officers receive contradictory messages about
whether the role of correctional facilities is to
punish or rehabilitate (or both). The current
job description for correction officer in New
York City lists a number of duties, but it offers
little guidance about how to care for those
incarcerated and it does not communicate
the values of integrity, respect, compassion,
inspiration, and transformation that members of
the Department are expected to uphold, per the
Department’s values statement.91
Going forward, the Department of Correction

The Future of Jails

must communicate clearly to staff what is
expected of them. The goal here should be to
create an organization with a clear mission that
attempts to live up to its highest ideals each
and every day. A sense of mission must suffuse
everything the Department does, from crafting
job descriptions to creating performance metrics.
We have spelled out many of the elements –
physical, programmatic, and procedural – that
we think should comprise a state-of-the-art
correctional system in the 21st century. Our goal
in doing so is to change the culture of New York
City jails. This will only happen if these changes
are embraced by the leadership of New York
City and the Department of Correction and are
aggressively spread throughout the system.

Cost Implications
The Commission estimates that the development
of the state-of-the-art correctional system
that we have proposed would take ten years to
develop at a cost of $10.6 billion.92 Assuming
that the City’s debt service would be 6 percent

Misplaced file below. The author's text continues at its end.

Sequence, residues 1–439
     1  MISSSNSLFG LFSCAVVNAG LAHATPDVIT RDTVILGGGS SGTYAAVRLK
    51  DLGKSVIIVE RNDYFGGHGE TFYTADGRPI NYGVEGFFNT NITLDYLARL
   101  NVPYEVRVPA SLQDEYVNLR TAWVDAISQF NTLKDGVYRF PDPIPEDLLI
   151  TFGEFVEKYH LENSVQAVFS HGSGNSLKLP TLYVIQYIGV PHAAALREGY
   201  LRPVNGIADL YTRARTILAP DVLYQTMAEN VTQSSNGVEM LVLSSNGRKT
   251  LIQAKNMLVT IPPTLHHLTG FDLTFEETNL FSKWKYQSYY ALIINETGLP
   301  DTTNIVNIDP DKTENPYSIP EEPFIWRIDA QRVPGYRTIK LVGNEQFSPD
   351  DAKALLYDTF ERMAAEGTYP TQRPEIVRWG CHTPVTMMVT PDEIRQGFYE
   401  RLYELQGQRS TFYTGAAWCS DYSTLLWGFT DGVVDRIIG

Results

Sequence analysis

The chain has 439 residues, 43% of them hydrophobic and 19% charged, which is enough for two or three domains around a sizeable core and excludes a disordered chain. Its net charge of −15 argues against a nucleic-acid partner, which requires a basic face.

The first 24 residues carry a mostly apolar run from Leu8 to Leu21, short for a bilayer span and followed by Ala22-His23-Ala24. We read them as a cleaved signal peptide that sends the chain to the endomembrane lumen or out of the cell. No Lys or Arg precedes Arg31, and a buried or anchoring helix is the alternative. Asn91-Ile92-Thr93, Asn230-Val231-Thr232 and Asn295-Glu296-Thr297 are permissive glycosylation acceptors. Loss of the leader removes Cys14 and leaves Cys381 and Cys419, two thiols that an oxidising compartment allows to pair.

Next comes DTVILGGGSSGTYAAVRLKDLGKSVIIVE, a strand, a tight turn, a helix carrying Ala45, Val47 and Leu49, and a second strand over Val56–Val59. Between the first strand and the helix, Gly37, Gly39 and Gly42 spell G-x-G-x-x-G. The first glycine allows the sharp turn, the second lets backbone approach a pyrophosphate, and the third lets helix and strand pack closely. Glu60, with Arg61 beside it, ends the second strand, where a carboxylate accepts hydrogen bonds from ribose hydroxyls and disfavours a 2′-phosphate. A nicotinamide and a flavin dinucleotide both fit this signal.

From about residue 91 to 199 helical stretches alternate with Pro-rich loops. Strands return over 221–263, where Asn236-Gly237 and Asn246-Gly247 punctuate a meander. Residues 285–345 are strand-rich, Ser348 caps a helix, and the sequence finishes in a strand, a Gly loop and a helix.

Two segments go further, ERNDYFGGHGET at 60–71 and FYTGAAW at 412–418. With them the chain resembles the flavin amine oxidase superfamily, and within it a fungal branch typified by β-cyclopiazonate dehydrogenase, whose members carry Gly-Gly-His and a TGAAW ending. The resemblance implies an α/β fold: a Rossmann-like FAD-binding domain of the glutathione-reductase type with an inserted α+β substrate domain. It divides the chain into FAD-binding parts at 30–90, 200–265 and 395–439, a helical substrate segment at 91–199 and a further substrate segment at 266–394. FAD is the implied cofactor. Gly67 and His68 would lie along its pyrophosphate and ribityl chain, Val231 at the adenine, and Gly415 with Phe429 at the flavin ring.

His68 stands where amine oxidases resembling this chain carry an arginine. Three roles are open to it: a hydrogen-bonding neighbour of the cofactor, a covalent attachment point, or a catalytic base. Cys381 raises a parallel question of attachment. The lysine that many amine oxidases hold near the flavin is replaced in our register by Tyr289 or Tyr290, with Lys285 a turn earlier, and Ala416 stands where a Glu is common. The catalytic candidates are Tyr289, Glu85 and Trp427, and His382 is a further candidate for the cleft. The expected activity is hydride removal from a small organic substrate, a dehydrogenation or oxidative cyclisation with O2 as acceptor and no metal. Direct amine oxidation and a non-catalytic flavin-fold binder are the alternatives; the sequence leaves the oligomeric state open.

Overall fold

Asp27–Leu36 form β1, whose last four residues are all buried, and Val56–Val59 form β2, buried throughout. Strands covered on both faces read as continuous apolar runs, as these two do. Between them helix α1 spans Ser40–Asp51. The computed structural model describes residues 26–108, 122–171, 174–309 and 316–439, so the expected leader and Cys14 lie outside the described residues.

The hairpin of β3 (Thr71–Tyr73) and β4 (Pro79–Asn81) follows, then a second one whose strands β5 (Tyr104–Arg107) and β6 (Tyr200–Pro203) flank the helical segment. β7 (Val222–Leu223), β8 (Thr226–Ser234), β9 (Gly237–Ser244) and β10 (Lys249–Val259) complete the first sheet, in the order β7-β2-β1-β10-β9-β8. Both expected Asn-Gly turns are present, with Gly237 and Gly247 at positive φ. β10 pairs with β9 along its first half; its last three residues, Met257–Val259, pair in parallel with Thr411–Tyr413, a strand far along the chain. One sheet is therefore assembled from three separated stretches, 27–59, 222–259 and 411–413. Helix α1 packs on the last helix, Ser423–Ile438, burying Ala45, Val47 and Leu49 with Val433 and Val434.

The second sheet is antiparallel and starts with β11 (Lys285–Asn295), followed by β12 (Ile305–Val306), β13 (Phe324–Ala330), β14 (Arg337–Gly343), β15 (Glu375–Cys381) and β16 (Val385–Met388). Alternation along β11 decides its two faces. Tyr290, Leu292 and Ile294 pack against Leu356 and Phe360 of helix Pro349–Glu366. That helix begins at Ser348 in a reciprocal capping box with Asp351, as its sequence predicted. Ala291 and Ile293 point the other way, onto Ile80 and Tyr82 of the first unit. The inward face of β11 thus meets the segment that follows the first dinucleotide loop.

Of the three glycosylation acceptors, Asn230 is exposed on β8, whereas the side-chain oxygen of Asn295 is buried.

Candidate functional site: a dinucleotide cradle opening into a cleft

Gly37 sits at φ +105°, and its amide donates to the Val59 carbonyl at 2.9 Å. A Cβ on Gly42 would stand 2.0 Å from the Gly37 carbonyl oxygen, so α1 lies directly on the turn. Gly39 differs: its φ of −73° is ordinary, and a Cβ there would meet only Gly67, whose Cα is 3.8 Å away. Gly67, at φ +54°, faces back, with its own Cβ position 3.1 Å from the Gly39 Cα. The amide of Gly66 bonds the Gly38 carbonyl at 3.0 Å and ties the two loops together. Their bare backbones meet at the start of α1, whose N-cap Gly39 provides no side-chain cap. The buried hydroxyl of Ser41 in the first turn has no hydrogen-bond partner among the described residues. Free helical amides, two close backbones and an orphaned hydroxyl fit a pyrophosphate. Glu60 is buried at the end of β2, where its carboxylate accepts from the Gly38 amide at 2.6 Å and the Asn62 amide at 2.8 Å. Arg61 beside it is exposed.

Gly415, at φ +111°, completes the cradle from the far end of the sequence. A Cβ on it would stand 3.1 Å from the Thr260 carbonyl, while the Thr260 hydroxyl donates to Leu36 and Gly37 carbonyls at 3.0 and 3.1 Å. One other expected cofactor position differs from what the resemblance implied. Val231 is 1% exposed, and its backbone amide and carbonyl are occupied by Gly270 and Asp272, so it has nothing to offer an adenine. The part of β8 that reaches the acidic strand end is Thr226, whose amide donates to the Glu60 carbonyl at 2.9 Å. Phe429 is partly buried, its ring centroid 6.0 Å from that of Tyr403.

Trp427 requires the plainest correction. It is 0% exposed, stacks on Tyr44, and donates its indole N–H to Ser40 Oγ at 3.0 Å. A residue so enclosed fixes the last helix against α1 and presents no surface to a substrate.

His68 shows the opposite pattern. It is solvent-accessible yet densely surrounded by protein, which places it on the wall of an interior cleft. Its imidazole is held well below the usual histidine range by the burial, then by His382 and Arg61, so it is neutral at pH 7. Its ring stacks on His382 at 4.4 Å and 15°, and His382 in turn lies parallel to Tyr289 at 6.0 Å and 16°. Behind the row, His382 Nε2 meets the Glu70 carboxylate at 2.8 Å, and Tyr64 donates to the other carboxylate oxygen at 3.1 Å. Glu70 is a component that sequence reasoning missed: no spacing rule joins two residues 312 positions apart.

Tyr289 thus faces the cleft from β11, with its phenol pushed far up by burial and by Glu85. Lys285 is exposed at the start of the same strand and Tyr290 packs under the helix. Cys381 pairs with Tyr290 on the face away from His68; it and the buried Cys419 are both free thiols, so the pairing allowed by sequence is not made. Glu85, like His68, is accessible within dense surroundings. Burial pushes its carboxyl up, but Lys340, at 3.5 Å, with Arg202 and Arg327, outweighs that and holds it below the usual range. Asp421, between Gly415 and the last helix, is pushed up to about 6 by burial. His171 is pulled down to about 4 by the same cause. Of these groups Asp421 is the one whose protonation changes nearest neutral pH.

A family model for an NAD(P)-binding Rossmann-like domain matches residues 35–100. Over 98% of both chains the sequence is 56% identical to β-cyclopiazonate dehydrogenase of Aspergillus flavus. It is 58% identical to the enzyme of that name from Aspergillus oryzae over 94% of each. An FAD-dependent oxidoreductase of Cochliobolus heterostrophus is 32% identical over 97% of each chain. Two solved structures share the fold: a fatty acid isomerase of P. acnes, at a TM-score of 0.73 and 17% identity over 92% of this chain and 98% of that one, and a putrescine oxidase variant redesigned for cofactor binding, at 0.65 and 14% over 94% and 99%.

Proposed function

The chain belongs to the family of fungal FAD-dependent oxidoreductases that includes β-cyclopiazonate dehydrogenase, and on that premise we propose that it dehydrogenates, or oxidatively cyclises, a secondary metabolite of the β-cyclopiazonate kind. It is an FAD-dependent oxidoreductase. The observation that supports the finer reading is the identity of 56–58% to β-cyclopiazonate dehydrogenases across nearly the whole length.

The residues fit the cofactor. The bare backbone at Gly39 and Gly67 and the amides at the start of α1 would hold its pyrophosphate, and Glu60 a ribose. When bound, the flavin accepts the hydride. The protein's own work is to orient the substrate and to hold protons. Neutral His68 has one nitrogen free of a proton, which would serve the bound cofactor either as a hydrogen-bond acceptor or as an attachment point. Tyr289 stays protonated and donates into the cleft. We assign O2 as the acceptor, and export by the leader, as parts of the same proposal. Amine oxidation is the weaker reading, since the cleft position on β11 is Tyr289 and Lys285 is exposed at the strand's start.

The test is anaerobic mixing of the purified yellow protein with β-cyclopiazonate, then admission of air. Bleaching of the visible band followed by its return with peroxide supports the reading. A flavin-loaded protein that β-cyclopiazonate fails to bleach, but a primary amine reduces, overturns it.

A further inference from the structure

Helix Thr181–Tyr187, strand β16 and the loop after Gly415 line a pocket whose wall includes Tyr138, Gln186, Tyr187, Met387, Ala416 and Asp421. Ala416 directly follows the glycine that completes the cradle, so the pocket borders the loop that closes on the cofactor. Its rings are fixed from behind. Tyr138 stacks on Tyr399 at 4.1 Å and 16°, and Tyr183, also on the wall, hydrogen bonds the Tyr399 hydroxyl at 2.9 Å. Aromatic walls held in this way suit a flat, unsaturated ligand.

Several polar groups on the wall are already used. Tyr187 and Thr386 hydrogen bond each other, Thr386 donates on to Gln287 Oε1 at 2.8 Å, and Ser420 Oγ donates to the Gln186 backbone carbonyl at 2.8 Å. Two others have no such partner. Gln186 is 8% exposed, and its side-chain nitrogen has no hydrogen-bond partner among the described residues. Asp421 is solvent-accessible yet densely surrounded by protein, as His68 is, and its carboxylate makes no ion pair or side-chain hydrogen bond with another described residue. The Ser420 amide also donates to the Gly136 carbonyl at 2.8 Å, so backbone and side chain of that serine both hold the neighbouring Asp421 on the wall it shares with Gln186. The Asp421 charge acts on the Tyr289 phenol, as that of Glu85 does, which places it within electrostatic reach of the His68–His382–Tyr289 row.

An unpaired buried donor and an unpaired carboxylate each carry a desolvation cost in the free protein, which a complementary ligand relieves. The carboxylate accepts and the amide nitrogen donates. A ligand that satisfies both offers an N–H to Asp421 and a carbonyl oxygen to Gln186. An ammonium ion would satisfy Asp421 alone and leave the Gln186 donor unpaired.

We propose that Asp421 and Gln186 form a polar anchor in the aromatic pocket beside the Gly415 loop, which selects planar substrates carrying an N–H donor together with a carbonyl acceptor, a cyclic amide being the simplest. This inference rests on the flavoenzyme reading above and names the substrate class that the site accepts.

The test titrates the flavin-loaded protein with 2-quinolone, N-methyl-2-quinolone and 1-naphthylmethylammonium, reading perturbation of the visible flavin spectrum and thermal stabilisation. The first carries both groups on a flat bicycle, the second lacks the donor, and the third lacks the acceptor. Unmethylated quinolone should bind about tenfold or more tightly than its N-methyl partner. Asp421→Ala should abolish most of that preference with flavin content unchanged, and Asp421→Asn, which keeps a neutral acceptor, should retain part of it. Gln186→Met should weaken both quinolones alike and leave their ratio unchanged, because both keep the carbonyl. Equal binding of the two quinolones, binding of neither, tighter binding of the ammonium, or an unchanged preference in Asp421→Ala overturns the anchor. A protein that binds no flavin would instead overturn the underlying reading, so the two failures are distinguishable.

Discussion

a year for the next thirty years, the annual debt
service cost of five new jail facilities (one for
each borough) would be approximately $770
million, adjusting for inflation.
Additionally, the Commission recommends
the construction of a new training academy
to provide corrections officers with the skills
needed to be successful in the new facilities.
The Commission estimates the new academy
would cost $320 million to build, or (using the
same debt service estimates described above),
$23 million a year in additional debt service. In
addition to a new facility, we think resources
should be devoted to improving the quality and
quantity of the trainings offered at the academy.
Doubling the length of Department of Correction
training would cost $24 million annually.
Additionally, the Commission estimates that the
cost of providing the diversion programs and
alternatives to incarceration (discussed in the
Rethinking Incarceration section) would add
approximately $260 million a year.
Finally, the existing facilities cannot be
ignored as new facilities are built. The City
has already allocated $1.6 billion in the capital
budget for ongoing maintenance of the existing
facilities. That maintenance should certainly


continue in the interim. Furthermore, the
Commission also recognizes, in the interim,
the City may need to develop new temporary
facilities for sufficient swing space as the new
facilities are built. The city has also already
allocated $430 million in the capital plan,
which could fund temporary facilities to provide
sufficient bed space during the transition into
the new jail system.93
These costs are not insignificant, but they
must be weighed against the benefits of our
approach. An entirely new correctional system
designed on the principles we have described
above would be manifestly more just, more